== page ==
Timed antagonistic response alethiometer

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The timed antagonistic response alethiometer, or TARA, is a type of lie detection technique that relies upon cognitive chronometry.

The TARA is a computer-based technique. It requires respondents to classify a succession of mixed statements as true or false, as quickly and accurately as they can, by pressing one of two keys. The faster they do so, the more likely they are to be telling the truth; the slower they do so, the more likely they are to be lying.

The TARA works by manufacturing an artificial situation in which lying is more challenging than truth-telling. Specifically, it permits truth-tellers to complete two alternating tasks using the same strategy, but requires liars to complete them using contradictory strategies. Hence, if both truth-tellers and liars complete the TARA accurately as stipulated, then the former will complete it more quickly than the latter, all else being equal.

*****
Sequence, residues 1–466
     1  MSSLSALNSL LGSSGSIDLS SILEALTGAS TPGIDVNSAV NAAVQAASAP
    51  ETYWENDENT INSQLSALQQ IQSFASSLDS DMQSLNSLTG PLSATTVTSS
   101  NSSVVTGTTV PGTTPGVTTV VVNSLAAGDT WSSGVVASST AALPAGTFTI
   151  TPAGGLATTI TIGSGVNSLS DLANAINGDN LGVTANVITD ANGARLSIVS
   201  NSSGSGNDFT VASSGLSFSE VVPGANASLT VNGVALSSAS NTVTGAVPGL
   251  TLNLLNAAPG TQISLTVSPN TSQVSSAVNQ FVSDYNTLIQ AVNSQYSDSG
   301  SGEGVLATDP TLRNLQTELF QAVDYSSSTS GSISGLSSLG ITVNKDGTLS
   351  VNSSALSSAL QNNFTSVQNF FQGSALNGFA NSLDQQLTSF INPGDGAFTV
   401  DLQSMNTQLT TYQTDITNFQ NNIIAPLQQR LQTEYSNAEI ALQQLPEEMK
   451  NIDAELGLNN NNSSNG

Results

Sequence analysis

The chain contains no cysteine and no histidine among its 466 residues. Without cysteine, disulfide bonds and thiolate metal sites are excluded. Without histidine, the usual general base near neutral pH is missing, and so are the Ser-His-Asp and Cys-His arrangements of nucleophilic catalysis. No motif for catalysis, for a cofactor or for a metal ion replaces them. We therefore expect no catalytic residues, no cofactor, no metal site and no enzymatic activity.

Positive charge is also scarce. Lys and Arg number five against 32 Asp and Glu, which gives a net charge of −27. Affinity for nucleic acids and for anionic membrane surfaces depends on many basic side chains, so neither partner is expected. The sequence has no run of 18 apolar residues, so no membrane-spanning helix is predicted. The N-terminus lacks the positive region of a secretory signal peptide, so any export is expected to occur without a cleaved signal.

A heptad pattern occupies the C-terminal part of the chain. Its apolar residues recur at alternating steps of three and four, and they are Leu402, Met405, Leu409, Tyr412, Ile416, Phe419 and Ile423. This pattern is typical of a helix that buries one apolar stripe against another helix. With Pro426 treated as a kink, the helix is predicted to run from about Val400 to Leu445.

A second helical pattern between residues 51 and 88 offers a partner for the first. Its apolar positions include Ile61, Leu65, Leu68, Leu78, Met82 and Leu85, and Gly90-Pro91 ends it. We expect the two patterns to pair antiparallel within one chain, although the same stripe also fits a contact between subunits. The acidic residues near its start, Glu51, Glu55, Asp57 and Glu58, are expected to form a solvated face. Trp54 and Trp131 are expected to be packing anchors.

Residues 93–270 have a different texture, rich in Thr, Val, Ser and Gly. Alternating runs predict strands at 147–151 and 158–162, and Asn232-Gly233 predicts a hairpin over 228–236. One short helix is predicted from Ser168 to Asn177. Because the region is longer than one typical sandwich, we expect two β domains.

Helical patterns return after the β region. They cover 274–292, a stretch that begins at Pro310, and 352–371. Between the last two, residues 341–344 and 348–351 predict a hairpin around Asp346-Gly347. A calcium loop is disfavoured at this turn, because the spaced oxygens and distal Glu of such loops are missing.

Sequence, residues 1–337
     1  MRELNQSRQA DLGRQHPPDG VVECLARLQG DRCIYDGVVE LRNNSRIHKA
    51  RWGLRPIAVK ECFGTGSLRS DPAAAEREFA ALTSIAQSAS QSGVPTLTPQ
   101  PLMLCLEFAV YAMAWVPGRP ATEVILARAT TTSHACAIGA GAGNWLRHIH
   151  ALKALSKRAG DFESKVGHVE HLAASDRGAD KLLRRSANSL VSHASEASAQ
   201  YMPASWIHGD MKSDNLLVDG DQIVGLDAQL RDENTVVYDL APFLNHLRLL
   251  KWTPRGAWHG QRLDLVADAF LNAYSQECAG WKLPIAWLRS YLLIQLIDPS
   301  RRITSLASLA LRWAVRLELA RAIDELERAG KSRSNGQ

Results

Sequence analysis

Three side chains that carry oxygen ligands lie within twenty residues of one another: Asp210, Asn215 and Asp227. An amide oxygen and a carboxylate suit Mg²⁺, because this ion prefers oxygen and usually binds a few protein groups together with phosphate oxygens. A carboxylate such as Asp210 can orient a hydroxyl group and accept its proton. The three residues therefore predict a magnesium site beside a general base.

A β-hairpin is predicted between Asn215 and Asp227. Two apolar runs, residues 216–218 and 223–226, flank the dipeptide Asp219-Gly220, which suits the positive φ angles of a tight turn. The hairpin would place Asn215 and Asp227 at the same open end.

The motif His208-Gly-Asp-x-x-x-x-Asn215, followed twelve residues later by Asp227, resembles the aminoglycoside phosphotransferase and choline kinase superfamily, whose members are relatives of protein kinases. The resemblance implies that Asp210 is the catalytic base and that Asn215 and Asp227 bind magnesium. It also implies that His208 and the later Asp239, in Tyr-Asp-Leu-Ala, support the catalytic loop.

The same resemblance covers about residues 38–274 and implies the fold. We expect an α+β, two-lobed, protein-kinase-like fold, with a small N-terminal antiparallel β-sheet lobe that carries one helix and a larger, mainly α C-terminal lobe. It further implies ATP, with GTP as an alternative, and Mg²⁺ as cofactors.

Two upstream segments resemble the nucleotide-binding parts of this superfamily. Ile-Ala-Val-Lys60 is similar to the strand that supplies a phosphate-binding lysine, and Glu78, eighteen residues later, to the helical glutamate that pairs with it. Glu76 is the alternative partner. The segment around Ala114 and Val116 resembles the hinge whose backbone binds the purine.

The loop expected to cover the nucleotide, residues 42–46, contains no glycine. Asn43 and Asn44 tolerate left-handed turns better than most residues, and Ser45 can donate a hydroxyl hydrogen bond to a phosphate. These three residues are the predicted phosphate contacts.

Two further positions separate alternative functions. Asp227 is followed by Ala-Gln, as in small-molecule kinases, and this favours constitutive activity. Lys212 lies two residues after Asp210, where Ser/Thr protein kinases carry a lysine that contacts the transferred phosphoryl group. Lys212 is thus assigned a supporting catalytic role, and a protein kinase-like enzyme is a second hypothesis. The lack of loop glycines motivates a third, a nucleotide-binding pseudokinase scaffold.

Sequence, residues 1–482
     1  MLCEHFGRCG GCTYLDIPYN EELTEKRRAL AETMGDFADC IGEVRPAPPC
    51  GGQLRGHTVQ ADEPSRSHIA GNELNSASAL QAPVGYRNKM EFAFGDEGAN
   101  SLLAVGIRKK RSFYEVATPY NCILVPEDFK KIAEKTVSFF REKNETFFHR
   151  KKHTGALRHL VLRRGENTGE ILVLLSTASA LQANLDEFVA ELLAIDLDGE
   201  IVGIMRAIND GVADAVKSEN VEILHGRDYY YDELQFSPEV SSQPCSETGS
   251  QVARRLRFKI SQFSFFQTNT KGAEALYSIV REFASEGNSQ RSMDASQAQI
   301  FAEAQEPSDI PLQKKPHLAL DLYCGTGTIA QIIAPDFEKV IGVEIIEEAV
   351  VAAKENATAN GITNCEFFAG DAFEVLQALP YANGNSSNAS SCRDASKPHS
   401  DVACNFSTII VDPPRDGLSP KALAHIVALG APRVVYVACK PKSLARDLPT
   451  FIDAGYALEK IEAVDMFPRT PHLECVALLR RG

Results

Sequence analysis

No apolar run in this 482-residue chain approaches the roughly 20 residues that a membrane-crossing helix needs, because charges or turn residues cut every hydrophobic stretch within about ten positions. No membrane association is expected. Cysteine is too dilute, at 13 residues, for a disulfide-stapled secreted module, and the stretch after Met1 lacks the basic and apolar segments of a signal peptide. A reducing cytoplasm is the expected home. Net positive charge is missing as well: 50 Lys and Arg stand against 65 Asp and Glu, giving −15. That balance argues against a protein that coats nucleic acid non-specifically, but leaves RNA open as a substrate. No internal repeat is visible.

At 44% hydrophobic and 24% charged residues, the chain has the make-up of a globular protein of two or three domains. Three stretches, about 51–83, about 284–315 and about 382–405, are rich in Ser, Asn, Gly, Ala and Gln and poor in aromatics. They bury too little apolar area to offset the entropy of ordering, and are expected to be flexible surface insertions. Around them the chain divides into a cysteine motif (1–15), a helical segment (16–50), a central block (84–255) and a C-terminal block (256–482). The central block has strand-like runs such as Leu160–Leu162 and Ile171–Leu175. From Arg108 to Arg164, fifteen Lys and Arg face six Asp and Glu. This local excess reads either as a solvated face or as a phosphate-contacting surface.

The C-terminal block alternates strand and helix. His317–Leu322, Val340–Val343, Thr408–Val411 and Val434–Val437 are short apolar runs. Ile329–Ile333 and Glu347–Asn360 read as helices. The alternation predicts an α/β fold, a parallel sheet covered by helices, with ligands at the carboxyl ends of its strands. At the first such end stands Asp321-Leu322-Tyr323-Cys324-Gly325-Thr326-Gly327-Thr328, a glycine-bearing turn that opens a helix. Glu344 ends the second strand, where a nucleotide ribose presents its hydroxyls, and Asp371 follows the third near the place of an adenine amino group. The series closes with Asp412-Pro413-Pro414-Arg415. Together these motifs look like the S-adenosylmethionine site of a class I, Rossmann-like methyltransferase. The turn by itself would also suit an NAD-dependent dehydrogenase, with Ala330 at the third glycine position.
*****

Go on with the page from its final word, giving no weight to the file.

Structurally, the TARA bears some affinities with the implicit association test, or IAT, because it generates differences in average reaction time on the basis of differences in response compatibility.

The TARA remains to be field-tested. However, initial laboratory studies obtained accuracy rates in the region of 85%, suggesting that the technique holds promise.

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